It’s possible that you’re just trying to avoid the time and costs of adding an underlay altogether. If this is the case, then you will need to consider very specific materials for your flooring. This alternative would have to be flush with the floor, smooth, naturally cushioned, and water-resistant. That can be a challenge to find.
Vinyl flooring is one of the few options that can get away with avoiding the underlay treatment. You should keep in mind that vinyl floors are indeed built from PVC. This is an acronym for polyvinyl chloride, which is simply a solid plastic substance. Vinyl floors are also known as “LVP,” which stands for Luxury Vinyl Plank.
Experts like Flooring America advise that vinyl floors can be thick, waterproof, and also provide thermal insulation. These are the qualities that an underlay has to add for wooden alternatives. This is only possible because of the plastic base in vinyl floors. For example, plastic is highly water-resistant.
Vinyl is built from multiple layers, just like laminate floors. This means that you can purchase any level of quality for the wear layer and top coat on the surface. As a result, your desired strength level is only limited by your total budget for the job.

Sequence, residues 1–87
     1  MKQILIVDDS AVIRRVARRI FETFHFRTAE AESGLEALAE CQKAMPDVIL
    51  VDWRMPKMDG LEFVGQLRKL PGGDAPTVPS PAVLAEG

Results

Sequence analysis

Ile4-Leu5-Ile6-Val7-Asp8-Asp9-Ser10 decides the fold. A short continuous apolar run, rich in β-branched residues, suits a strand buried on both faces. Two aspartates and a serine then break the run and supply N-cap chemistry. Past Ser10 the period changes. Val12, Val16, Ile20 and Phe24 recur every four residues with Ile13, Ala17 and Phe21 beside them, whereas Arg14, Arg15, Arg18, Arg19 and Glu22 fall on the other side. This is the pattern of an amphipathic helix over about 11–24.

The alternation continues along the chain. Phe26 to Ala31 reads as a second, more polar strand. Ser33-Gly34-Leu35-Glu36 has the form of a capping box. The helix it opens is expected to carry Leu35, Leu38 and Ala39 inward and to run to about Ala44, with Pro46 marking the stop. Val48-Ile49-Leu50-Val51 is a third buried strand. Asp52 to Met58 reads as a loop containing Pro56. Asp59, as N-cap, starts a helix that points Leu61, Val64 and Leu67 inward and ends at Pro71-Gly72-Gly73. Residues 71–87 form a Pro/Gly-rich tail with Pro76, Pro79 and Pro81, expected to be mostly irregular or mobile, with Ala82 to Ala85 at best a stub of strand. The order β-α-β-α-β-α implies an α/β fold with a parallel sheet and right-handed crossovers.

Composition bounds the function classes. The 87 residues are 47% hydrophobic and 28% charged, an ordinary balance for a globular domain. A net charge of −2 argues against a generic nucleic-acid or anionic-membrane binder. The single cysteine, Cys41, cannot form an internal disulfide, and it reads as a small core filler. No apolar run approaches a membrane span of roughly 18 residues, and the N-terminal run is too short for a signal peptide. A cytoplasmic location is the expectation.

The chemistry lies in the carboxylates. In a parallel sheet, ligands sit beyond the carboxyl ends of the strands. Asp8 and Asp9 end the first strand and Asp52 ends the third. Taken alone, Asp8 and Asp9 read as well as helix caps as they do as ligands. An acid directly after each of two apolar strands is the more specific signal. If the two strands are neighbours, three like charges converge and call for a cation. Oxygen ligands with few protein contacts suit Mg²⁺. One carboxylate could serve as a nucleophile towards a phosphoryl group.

If you're looking to clean either vinyl or laminate floor, you can read this post to learn if you can use a Bissell Crosswave on those flooring materials.
Carpet tiles can also be installed over pretty much any other kind of material. The tiles are applied one square at a time, instead of using lengthy rolls. These square tiles generally come with their own built-in underlay or adhesive substance.
Because these tiles are bonded directly to the subfloor, they won’t require an underlayment. Also, carpet tiles are already going to provide a good cushion. So, adding an underlay isn’t necessary for comfort. In fact, usually, you won't find much of a difference in sound reduction when you use an underlay beneath carpet tiles.
Further, pros like Home Depot suggest that an existing floor should not be more than an inch thick when you install carpet tiles. If you want to keep your previous floor under an inch, then adding an underlay probably isn’t a good idea. Typically, you will actually have to remove an existing underlayment before you begin installing any carpet tiles. You can read this post to learn if carpet is cheaper than laminate or wood.
Wood laminate flooring can be beautiful, easy to install, and still save you plenty of money. That’s why it’s so common to add on top of existing floors. But laminate floors have their own set of disadvantages. It’s important to acknowledge the benefits of an underlay. Now that you know how underlayment works with different materials, you can make an informed decision before you set up the entire house with the wrong flooring!